The Windies dragged themselves from their death bed

Reports of the death of Caribbean cricket were, it appears, greatly exaggerated. The tourists’ excruciating collapse in the first Test at Edgbaston – losing 19 wickets on the third day in Birmingham – had all and sundry penning their final obituary. But the Windies dragged themselves from their death bed at Headingley to record one of the greatest upsets in Test history; and in the process, improbably levelling the series. Not even the raising of Lazarus was that dramatic!

Cricket betting expert Iain Spragg tell us what we can expect on the third and final test at Lords.

The stakes are high for both teams

The tourists’ five-wicket win in Leeds was pure, nerve-jangling box office, and when the teams reconvene at Lords this Thursday, much depends on which of the two have recovered from the emotional rollercoaster they both endured.

England haven’t lost a home series to the Windies since 1988 and, with the Ashes looming, defeat this summer would represent a significant blemish on Joe Root’s embryonic captaincy. The tourists meanwhile haven’t won a series against anyone since they beat Bangladesh three years ago, and success in Blighty would be an incalculable boost for a side so bereft of confidence.

Hope then springs eternal for the Windies, but it is not reflected in the betting: England (3/10) are overwhelming favourites to exact prompt revenge and win at Lords. The tourists are way back at 8/1 to record back-to-back Test wins, while what ultimately would feel like a deeply unsatisfactory draw is 9/2.

Jimmy Anderson’s five wickets at Headingley tantalisingly leaves him three short of becoming only the sixth bowler ever to claim 500 international scalps. No-one has taken more Test wickets (81) at Lords than the Lancashire swinger and he’s 9/2 to emerge as the best bowler in the first innings at the home of cricket.

However, an interesting subplot to this week’s game could yet see Stuart Broad overtake his long-standing team-mate as Lords’ most prolific bowler. The 31-year-old has taken 75 wickets in Tests at the game’s most iconic ground, and the Notts seamer is 11/2 to eclipse Anderson and make the most first innings inroads.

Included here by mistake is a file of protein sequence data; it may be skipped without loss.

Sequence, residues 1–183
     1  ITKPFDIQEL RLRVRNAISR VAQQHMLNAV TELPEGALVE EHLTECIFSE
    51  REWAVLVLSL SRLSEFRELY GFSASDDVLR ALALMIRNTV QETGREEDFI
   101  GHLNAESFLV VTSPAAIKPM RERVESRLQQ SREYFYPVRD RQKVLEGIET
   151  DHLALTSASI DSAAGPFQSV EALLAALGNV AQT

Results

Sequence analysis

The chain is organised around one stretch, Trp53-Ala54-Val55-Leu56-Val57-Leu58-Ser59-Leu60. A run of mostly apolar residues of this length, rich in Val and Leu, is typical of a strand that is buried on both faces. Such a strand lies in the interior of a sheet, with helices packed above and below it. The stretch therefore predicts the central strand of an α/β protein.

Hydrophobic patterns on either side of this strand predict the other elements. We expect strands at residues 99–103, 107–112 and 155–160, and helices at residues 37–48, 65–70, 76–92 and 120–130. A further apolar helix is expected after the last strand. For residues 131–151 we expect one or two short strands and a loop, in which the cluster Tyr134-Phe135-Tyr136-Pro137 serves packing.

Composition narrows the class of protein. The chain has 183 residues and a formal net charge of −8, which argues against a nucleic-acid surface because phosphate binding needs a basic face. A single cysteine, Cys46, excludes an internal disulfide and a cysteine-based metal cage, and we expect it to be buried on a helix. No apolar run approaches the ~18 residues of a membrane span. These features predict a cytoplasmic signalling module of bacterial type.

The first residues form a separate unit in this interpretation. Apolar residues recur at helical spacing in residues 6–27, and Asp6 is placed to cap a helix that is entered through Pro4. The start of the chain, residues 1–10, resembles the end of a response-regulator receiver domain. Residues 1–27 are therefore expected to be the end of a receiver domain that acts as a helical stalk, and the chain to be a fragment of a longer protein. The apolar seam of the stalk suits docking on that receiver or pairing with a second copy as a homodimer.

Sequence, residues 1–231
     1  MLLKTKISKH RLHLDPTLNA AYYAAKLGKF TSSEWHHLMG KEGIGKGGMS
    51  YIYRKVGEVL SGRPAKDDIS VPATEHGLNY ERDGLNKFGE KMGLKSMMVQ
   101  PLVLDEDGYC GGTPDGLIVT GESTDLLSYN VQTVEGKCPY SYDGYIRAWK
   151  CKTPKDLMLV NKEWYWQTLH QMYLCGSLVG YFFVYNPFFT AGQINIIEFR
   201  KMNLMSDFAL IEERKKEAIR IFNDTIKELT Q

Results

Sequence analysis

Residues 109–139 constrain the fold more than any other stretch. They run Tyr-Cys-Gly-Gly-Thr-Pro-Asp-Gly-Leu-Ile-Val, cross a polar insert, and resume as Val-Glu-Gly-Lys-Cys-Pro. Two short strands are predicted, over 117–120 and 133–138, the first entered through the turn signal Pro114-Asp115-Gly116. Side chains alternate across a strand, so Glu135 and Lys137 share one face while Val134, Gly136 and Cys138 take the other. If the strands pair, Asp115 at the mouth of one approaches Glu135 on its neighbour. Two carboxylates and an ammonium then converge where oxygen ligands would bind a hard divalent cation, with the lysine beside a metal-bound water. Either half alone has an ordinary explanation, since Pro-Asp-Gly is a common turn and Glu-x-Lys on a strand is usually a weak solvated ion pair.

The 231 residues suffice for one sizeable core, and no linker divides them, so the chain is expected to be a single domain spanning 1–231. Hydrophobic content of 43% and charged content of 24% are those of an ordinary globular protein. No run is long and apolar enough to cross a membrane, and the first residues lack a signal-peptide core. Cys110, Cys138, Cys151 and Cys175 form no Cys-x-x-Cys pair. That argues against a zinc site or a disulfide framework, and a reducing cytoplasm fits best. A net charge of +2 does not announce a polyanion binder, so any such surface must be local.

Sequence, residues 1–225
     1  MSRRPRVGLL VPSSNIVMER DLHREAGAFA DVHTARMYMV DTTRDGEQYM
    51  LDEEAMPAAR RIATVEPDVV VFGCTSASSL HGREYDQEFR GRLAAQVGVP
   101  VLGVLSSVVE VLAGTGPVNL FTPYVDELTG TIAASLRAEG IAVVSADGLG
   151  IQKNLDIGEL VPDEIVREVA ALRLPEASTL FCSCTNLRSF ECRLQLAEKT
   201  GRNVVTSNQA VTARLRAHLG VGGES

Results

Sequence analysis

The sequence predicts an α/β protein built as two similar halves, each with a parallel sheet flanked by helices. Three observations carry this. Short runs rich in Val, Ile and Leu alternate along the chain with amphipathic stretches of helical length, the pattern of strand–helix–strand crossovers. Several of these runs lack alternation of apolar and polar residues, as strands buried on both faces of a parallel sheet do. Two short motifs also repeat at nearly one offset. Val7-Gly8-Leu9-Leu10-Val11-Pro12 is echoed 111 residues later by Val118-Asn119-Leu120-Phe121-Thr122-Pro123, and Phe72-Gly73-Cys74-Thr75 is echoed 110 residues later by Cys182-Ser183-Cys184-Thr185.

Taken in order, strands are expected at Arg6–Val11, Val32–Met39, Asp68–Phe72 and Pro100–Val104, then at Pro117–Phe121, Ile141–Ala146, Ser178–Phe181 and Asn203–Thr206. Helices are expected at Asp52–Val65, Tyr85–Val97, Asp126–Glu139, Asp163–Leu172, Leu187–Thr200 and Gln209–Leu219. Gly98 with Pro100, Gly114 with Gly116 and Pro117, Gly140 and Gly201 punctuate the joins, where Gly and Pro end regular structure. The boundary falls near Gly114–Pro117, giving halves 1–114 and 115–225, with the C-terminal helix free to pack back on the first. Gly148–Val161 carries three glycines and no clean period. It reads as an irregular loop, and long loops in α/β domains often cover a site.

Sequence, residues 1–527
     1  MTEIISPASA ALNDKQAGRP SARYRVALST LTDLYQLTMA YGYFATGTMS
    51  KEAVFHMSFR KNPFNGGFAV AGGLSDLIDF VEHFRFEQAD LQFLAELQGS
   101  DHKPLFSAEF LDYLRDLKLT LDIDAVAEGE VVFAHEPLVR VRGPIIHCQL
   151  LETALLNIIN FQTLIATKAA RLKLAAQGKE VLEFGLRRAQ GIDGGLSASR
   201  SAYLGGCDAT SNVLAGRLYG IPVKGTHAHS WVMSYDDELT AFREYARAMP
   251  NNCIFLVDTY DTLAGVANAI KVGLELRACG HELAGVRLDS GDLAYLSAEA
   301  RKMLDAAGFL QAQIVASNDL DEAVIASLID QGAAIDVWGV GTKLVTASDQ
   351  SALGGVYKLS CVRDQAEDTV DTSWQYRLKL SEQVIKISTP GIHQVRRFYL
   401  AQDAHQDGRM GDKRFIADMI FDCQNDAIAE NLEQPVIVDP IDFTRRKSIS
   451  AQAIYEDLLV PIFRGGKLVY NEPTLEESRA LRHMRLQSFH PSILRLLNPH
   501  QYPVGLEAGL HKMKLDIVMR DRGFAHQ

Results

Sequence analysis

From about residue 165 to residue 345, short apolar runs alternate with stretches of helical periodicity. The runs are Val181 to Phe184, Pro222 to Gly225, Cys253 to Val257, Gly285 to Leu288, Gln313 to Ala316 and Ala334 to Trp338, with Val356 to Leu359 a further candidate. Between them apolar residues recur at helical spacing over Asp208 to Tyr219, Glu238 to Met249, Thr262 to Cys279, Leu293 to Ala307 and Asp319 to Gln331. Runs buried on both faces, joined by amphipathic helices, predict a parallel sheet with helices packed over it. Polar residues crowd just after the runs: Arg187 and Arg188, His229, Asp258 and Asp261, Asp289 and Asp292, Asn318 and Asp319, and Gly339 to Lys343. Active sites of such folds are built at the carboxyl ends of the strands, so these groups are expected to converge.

The shortest priced Windies bowler is Kemar Roach

The Barbadian has six English wickets to his name this summer, including four in the first innings in Leeds, and is 7/1 to pick up in London where he left off in Leeds. The erratic but dangerous Shannon Gabriel is 15/2 to do the most damage when the tourists bowl first time round, while spinner Roston Chase, the Windies’ leading wicket taker in the first two Tests with seven, is priced at 8/1.

History could also beckon at Lords for Alastair Cook. The England opener has amassed 1,818 runs at Lords during his career, and should the Essex man enjoy a prolific third Test, he could surpass Graham Gooch’s all-time record of 2,015 in north London. He needs 198 runs to etch his name into the Lords record books, and should he achieve that, the left-hander will also go above Sri Lanka legend Mahela Jayawardene in the all-time list of Test run scorers.

Cook is England’s top run scorer against the tourists this summer. He is 9/2 to post the biggest first innings individual total, but as it was prior to the first two Tests, Root is the favourite at 7/2. Fresh from his Headingley century, Ben Stokes is 9/1.

The standout batting performance for the Windies in Leeds undoubtedly came from Shai Hope, with a century in both innings; the first player ever to achieve the feat in a first-class match at the home of Yorkshire cricket. Hope is 13/1 to top score in the first innings at Lords this week, but it is his fellow Headingley centurion Kraigg Brathwaite who is the shorter priced of the pair at 12/1.








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